My husband was injured at work. He works with box cutters. While at work he sliced open a box with his right hand, then closed the left flap with his left hand with pressure. When he did so, he accidentally pushed down on the box cutter sticking out from his right hand, slicing open his left palm with the blade.
That day (Friday) he was sent to a clinic to get a tetanus shot and treat the wound. He left with 5 stitches. That afternoon he was told not to return to work until 9 am Monday morning. He was released from medical treatment with no restrictions.
Monday morning he met with an HR advisor, who also serves as a safety director, to go over the incident. After discussing the event, he was told they still had not received the release from the clinic, so he would have to go back tomorrow to work.
Around 1:30 Monday afternoon, he was contacted by the staffing agency that the company acquires their employees from, and was told based on the events discussed, he was being released from duty. The safety director implied my husband PURPOSELY sliced his palm open and was considered a high risk.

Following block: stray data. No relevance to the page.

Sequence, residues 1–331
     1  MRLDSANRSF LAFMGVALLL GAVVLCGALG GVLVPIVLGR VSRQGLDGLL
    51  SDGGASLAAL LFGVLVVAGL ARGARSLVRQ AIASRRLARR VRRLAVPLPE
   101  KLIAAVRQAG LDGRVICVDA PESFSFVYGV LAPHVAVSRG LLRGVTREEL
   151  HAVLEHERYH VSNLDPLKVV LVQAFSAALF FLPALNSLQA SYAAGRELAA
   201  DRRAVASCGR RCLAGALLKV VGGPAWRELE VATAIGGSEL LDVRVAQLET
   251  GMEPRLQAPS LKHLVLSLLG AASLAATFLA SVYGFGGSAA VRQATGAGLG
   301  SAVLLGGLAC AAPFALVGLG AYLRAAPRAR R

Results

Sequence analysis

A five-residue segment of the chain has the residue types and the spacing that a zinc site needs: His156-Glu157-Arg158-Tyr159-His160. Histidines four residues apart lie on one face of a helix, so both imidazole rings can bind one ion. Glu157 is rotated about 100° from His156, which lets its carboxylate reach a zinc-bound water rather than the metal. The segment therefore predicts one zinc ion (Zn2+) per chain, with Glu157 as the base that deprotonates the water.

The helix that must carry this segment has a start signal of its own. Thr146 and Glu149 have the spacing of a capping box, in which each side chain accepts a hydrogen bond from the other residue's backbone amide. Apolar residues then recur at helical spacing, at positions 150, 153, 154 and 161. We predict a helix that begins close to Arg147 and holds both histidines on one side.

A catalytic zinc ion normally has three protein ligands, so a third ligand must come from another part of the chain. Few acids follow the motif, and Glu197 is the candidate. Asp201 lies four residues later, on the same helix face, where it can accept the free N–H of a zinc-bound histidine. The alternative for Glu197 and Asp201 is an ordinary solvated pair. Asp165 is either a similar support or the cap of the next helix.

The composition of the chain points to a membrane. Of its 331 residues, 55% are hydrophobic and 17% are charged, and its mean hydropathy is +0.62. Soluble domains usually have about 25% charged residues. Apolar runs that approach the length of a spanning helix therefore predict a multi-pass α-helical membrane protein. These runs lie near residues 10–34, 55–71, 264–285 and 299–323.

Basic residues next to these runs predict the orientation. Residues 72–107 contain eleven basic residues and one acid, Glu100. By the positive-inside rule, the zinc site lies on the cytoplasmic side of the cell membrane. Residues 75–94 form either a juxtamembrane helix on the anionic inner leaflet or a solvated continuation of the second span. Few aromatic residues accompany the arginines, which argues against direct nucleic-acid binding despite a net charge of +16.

What should we do? Can someone be let go after an injury like this? Thanks.
Disclaimer: Our response is not formal legal advice and does not create an attorney-client relationship. It is generic legal information based on the very limited information provided. Do not rely upon the information in our response, or anywhere else on this site, when deciding the proper course of a legal matter. Always get a personalized case review from a local attorney.
Unfortunately, your husband’s options are limited. An implication by a staffing company associate that your husband may have purposely injured himself is not sufficient grounds for a defamation claim or other civil claim.
From the facts you present, the company for whom your husband worked when he was injured has no civil liability. Your husband may have some recourse with the staffing agency, but that will depend upon the contract your husband signed when he was initially employed by the staffing agency.
If the contract calls for a specified amount of guaranteed hours each week, or for some other guarantee of employment, then your husband should demand the staffing agency find him some new work, or otherwise fairly compensate him according to the terms of the contract.
Unfortunately, most staffing agency contracts are unilaterally in favor of the staffing agency, and certainly not the employee.
Your husband has nothing to lose by thoroughly reviewing his contract of employment. If you or your husband don’t understand its terms, or have a question about the language within the contract, seek the advice and counsel of an attorney.
The above is general information. Laws change frequently, and across jurisdictions. You should get a personalized case evaluation from a licensed attorney. Find a local attorney to give you a free case review here , or call (888) 647-2490.
Best of luck,
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